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[Newsmaker] South Korean gyms face scrutiny after Jecheon deadly fire

South Korean police looking into the deadly fire that killed 29 people at a fitness center in Jecheon, North Chungcheong Province, are set to request an arrest warrant Tuesday morning for the building’s managers, who allegedly violated fire safety rules, according to a police official on Monday.

Visitors pay their respects to the 29 victims of Thursday’s fire in Jecheon, North Chungcheong Province, at a memorial set up in Jecheon Gymnasium on Sunday. Yonhap
Visitors pay their respects to the 29 victims of Thursday’s fire in Jecheon, North Chungcheong Province, at a memorial set up in Jecheon Gymnasium on Sunday. Yonhap

Earlier Monday, police raided the homes of the owner, surnamed Lee, and custodian, surnamed Kim, of the commercial building in Jecheon, a day after they were taken into custody for questioning on suspicions that the two poorly managed the building where victims were trapped in a sauna on the second floor.

The eight-story building housed a fitness center, restaurants and a public sauna.

Police confirmed water sprinklers inside the building did not function during the blaze Thursday, and one of the emergency exits was blocked, a violation of the fire prevention law.

The fire and its toll have been called “extremely preventable” by experts. The blaze has also raised questions in a country where safety regulations are often weakly enforced.

“After I heard about what happened in Jecheon. I decided to work out at home on my own out of fears that a similar incident could happen to me as well,” Kim Hee-jin, a 47-year-old housewife, told The Korea Herald.

Another gym-goer, Park Jae-yeong, 29, said he and other members of his health club in Seoul plan to talk to the club’s manager to ensure the building is properly managed and safety measures are functioning in time of emergency.

“It seems building owners and managers easily ignore safety protocols in a quest for profits. And I want to make sure that won’t be happening around me,” Park said.

According to Jecheon City, the external walls of the building were covered with highly flammable polyethylene cladding, the same material that caused an inferno at an apartment in Uijeongbu, some 20 kilometers north of Seoul, which killed four and injured 124 just two years ago.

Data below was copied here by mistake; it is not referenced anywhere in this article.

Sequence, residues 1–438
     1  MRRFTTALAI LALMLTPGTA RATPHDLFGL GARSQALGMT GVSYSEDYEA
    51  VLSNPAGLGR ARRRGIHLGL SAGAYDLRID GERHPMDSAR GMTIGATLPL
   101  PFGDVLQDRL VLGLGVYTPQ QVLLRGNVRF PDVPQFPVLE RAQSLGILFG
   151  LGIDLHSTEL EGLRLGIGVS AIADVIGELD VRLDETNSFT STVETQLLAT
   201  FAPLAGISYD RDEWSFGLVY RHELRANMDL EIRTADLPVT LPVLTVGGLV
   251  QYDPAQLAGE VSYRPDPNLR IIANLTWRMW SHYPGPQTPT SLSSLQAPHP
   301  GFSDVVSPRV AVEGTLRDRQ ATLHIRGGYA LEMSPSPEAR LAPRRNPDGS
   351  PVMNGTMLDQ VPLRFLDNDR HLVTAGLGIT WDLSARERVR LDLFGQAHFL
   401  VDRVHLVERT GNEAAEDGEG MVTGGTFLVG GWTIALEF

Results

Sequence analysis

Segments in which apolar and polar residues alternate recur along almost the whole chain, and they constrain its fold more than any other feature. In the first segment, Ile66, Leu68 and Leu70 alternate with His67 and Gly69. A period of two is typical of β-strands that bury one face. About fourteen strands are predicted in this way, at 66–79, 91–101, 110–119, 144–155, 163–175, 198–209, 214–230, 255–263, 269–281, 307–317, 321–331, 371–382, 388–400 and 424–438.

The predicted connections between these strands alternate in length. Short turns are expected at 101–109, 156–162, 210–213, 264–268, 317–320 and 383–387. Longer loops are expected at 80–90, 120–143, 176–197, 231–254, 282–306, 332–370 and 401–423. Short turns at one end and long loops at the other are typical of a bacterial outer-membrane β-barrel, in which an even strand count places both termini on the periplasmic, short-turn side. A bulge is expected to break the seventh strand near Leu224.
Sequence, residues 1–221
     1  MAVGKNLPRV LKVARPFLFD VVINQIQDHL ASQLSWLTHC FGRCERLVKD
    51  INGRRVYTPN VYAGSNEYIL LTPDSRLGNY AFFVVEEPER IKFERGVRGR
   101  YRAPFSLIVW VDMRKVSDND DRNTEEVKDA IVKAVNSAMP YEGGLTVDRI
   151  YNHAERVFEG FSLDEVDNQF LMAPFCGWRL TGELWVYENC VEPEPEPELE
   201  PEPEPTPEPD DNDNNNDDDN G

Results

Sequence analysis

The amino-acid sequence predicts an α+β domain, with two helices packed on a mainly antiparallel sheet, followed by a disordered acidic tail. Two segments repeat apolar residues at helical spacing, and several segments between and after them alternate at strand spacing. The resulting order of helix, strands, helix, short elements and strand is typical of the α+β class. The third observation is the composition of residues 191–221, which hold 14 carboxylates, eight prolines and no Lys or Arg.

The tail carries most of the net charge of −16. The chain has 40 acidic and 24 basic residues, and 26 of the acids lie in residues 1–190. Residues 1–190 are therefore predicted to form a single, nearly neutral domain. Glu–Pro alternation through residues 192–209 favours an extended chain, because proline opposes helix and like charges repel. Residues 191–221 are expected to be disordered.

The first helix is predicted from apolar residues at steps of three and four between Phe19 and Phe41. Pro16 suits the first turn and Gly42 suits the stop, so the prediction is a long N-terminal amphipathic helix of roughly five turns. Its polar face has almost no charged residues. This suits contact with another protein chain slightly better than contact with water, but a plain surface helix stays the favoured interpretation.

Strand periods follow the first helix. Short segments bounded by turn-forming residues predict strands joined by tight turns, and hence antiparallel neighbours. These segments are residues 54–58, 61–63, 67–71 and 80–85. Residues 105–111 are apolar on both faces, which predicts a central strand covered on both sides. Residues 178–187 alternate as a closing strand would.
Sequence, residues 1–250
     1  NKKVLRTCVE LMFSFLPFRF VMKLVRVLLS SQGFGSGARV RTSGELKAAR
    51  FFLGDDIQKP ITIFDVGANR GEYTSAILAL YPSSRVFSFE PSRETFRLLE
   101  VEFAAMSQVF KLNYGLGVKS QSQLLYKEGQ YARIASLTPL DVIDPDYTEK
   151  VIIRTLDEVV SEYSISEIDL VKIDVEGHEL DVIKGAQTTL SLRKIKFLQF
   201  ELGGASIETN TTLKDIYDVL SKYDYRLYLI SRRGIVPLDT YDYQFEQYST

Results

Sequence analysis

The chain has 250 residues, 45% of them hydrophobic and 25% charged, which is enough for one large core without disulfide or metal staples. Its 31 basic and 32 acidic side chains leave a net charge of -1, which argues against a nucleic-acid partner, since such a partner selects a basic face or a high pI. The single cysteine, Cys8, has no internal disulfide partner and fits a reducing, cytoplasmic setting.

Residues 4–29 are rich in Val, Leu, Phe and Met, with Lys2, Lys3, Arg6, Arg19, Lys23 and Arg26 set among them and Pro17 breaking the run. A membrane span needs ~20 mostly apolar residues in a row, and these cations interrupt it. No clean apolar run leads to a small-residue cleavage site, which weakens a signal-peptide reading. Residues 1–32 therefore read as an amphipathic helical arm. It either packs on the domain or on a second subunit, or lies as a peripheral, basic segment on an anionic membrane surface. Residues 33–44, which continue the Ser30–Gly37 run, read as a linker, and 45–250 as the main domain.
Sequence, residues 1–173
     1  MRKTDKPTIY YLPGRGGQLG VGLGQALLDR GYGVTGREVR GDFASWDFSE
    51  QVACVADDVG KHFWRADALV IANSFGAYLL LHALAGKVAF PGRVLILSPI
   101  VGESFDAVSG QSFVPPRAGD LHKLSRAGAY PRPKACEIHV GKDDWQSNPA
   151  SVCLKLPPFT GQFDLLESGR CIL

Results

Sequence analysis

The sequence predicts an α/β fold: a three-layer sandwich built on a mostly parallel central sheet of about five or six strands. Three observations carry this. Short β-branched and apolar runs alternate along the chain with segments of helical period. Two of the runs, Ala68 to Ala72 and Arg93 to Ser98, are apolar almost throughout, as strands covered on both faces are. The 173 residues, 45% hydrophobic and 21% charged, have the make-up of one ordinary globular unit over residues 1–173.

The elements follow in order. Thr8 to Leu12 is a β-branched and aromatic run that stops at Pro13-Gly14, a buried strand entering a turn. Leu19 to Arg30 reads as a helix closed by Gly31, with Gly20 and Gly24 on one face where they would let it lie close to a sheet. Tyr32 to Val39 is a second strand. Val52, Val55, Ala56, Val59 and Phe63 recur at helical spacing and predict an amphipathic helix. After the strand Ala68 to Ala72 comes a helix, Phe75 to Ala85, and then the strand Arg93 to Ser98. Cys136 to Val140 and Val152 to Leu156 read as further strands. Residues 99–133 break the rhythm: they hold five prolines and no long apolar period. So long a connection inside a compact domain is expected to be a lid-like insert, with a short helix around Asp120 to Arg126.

National forensic experts concluded Saturday the fire started from the first-floor ceiling of the parking lot, quickly engulfing eight stories in just seven minutes. Among the dead, 20 suffocated from toxic smoke in the female sauna.

In the wake of the latest disaster, concerns continue over cheap flammable cladding that also caused the Uijeongbu apartment inferno just two years ago.

Experts say the sandwich panels of Dryvit cladding, which is wrapped around the outside of a building for energy efficiency, allowed the fire to spread quickly, calling for stricter regulations to ban its use.

“So many more buildings have already been wrapped by the flammable cladding, so the government should come up with solutions to ensure fire safety,” said Kong Ha-sung, a professor of the Department of Fire Safety at Kyungil University.

Following the Uijeongbu fire in 2015, the law was revised to ban using flammable cladding when constructing buildings six stories and higher, but the Jecheon fitness center was not affected by the regulation as it was constructed in 2012.

A memorial altar for the Jecheon victims has been set up in the city for citizens to express their condolences. President Moon Jae-in has paid a visit to the memorial and ordered a thorough investigation into the accident. 

By Bak Se-hwan (